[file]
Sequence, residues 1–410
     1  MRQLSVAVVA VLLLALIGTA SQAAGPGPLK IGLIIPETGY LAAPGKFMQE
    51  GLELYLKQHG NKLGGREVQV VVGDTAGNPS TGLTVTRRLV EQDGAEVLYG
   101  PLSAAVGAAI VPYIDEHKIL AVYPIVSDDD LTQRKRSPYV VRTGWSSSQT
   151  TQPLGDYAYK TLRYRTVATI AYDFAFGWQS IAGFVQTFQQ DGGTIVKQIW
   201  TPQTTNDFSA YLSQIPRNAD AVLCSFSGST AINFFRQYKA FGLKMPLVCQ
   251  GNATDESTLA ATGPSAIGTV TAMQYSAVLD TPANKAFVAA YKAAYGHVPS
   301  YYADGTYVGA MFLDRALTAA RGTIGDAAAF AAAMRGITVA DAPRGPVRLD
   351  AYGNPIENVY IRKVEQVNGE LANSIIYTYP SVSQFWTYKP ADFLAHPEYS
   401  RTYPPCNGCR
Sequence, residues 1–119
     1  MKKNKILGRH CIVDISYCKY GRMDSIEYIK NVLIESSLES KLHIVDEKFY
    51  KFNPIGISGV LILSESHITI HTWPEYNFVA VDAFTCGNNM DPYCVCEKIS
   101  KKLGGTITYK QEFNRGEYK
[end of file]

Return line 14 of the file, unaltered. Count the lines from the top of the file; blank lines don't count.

   101  KKLGGTITYK QEFNRGEYK